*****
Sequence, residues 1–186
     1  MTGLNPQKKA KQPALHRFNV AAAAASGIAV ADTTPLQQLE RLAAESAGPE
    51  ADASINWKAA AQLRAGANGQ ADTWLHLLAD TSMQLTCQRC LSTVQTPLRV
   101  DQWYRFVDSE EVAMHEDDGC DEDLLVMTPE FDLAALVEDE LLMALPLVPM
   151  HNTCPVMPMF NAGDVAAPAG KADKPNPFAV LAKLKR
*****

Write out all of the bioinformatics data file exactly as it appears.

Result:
Sequence, residues 1–186
     1  MTGLNPQKKA KQPALHRFNV AAAAASGIAV ADTTPLQQLE RLAAESAGPE
    51  ADASINWKAA AQLRAGANGQ ADTWLHLLAD TSMQLTCQRC LSTVQTPLRV
   101  DQWYRFVDSE EVAMHEDDGC DEDLLVMTPE FDLAALVEDE LLMALPLVPM
   151  HNTCPVMPMF NAGDVAAPAG KADKPNPFAV LAKLKR